About this project
A little over two years ago my uncle said something that lit a stubborn spark in me that has grown and grown, and has refused to be put out. He said that he'd noticed that every generation of women in our family has had half the amount of children as the generation before. So my great-grandmother had eight children.
My grandmother had four.
My mother had two.
And currently in my own generation, across all the cousins, we have just one on the way (no picture yet!). On a family level, I am interested in the reality of fewer and fewer children being willed into the world, and the potential extinction of my maternal line, while simultaneously, I find the threat of swelling world-wide populations terrifying. I wonder about what is really happening to us on a micro and macro level - and I began this project because a dry sociological treatise seemed to be all that was available to me in the way of understanding (and I have never been good at understanding that way).
I thought a good place to start would be to interview some women, and I limited myself to women without children, so as not to be completely overwhelmed by the content I would collect. I talked to women who had chosen not to have children, women who might still have children, and women who could not. The interviews often resulted in tears, confessions, and uproarious laughter. We talked about children, about being women, and about our changing world. After about 50 conversations, all of which I recorded, and many of which I transcribed, it became clear that the conversation about whether to have or not have a child was a really tangled debate, with some pretty existential dimensions, especially given the number of humans already on the planet today, and the impact they're having on it.
So in January 2012, I set to work finding the ultimate ensemble and designers to develop this research material with me, and to manifest it in real time and space. I found an amazing crew.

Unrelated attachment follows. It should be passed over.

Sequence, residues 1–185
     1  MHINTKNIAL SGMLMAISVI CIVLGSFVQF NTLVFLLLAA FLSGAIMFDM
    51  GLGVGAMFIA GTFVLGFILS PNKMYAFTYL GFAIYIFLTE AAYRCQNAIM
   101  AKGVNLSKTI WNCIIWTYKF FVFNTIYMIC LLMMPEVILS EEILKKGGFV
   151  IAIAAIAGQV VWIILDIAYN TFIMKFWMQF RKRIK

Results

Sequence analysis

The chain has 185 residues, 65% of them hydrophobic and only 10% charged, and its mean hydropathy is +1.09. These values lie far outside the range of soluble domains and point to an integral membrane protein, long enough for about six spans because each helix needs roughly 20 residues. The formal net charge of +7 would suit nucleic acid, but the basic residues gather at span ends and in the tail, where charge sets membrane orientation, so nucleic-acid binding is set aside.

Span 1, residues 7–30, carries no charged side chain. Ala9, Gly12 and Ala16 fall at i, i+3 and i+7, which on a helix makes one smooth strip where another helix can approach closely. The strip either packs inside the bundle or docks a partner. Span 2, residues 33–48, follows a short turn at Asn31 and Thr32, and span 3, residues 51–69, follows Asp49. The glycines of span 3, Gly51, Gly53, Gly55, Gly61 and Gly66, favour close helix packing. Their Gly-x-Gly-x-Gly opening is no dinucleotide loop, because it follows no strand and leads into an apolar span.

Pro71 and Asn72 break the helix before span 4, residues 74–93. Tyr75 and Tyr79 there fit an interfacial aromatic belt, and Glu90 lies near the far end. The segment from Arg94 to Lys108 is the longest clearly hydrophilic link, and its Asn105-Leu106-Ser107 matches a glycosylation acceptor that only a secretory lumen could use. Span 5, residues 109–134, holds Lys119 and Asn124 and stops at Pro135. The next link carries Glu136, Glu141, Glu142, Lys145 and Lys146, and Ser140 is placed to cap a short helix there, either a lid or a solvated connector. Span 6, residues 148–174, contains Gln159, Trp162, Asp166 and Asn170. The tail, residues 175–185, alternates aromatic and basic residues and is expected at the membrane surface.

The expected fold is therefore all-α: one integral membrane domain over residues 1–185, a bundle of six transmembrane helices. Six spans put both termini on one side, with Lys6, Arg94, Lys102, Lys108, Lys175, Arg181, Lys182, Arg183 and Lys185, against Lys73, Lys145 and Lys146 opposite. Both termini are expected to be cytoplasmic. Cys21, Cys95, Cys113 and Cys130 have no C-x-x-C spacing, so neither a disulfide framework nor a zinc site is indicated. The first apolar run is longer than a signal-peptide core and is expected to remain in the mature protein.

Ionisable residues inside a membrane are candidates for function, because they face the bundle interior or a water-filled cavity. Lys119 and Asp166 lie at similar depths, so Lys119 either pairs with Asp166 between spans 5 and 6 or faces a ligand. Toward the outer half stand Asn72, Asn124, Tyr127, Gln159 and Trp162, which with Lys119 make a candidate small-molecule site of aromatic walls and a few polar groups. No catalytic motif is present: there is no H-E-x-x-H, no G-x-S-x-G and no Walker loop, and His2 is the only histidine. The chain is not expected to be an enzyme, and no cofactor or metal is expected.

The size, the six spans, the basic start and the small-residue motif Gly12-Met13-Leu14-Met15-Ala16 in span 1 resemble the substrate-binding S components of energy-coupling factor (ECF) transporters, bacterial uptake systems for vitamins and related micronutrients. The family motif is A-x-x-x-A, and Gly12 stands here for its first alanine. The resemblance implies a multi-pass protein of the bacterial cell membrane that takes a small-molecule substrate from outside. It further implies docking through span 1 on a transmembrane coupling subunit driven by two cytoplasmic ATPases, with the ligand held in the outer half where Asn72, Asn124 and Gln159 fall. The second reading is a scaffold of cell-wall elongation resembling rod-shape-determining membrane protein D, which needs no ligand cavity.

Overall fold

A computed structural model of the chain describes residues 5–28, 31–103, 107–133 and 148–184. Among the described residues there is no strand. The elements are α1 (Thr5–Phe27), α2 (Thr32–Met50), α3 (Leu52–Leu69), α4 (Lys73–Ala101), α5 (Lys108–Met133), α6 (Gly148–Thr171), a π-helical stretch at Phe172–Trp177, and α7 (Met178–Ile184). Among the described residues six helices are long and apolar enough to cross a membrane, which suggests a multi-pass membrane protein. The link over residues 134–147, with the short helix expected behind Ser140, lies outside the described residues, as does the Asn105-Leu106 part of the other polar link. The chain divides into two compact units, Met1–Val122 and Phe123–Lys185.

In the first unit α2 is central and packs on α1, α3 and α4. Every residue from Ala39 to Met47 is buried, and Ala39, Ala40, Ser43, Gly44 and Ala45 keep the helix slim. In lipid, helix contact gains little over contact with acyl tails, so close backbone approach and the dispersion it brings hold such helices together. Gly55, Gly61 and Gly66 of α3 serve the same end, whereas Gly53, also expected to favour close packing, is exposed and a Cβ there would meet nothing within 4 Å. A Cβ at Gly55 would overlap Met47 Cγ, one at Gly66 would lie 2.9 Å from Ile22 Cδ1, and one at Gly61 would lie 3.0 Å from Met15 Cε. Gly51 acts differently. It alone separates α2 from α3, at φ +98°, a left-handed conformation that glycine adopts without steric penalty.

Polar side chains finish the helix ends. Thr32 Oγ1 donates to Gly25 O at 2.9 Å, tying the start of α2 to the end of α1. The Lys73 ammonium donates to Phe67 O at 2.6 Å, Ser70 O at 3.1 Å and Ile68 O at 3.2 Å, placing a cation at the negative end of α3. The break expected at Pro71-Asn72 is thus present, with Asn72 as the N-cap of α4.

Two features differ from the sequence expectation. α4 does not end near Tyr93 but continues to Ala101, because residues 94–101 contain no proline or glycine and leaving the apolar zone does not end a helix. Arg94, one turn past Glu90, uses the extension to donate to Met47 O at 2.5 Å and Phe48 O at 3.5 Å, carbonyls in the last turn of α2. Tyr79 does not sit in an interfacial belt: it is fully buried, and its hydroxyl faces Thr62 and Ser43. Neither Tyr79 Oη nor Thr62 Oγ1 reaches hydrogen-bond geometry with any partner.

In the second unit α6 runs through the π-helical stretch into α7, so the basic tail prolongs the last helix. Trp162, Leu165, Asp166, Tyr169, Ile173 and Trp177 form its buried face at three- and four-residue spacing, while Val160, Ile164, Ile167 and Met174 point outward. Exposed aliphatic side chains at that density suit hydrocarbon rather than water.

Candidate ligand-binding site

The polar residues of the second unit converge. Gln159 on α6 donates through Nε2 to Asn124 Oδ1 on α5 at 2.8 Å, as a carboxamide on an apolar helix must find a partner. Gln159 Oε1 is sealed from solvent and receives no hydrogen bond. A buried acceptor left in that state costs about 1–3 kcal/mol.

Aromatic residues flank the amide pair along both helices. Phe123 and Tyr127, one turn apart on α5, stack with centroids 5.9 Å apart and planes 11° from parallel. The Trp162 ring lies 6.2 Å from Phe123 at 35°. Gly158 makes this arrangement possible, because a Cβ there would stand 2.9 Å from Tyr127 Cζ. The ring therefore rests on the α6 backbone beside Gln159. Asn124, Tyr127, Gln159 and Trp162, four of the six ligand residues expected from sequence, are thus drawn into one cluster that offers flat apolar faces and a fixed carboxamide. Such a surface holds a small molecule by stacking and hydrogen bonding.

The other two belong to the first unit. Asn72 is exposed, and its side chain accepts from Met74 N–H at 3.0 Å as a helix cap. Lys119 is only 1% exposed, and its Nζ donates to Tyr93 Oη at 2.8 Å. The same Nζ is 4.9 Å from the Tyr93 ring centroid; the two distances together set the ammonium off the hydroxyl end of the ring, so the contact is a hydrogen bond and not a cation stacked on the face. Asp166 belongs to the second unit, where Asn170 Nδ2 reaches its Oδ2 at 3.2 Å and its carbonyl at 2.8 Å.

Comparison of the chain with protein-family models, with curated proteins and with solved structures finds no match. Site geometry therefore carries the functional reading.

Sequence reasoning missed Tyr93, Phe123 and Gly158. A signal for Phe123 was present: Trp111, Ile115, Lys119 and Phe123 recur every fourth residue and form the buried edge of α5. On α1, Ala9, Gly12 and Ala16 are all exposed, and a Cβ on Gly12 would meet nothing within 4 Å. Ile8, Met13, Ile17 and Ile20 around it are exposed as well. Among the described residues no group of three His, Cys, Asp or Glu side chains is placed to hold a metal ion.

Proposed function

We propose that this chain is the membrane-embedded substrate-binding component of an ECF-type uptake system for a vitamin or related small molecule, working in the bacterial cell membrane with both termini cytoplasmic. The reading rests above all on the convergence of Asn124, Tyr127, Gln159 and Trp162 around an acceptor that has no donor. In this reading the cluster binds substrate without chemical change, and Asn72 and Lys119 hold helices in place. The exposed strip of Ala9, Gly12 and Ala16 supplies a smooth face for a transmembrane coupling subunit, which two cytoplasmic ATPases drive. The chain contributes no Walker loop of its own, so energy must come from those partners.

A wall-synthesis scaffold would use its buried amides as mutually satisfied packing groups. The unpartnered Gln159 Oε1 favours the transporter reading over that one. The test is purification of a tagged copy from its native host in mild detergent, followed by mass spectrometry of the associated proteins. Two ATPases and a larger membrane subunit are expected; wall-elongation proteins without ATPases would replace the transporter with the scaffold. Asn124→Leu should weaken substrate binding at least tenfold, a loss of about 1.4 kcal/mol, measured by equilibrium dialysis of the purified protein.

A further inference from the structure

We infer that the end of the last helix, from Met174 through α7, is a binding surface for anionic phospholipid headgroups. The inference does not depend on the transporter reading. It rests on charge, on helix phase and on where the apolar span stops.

Other Contributing Artists - Marina Libel, Nancy Ellis Pitchko, and Sara Nye
Ilse Zoerb - Assistant Director, Megan Thibodeaux - Production Manager
1st Phase - In June we made our first attempts at the raw material, and traveled to Martha Posner's farm where we practiced moving with her sculptures, occasionally serenaded by the sound of mating peacocks. Martha’s work is marked by an emotional rawness which is due in part to her evocative and corporeal transformation of materials: beeswax, synthetic hair, pigment, mud, fabric and fibers. Her sculptures and drawing often feature the female form and combine autobiography, mythology, alchemy, history and fairy tales.
2nd Phase - In December we built our first complete and rough collage of the work at Underground Arts, where we have been generously given space to devise. The ensemble and designers plunged in, and emerged two weeks later covered in paint, sweat, and autumn leaves. Again the process was full of tears, confessions, and unending laughter. The play was long, messy, and as one audience member described it - "Epic!"
3rd Phase - It's up to you!
With your help we can make it across the finish line. We’re trying to raise $10,000 to cover some of our costs. Your contribution will go towards one of two things.
1) Paying the 5 professional performers and 5 experienced designers, who have been working ceaselessly to create the work, for 6 more weeks of development and performance.
2) Production materials - building set, buying costumes, renting lights.
We have some nifty thank-you gifts to help incentivize you.
Since this is a conversation about women (although certainly not only for women), I wanted to offer a little piece of that conversation to you in the form of photographs of women I have taken in places I've lived and traveled. Here are a few of the images from which you can chose:
From Martha - an original limited edition print created for this project.
Risks and challenges
Devising live theater can be expensive. We start with nothing, not even a script. Just a handful of ideas, some warm bodies, a stubborn belief, and the determination to play. It’s probably the most logistically challenging art form that human beings have managed to create. (I feel the filmmakers protesting, but I'm gonna hold my ground on this one.) Those of us who have dedicated our lives to it often ask ourselves "WHY!" But yet we persevere...Learn about accountability on Kickstarter
Support this project
- (30 days)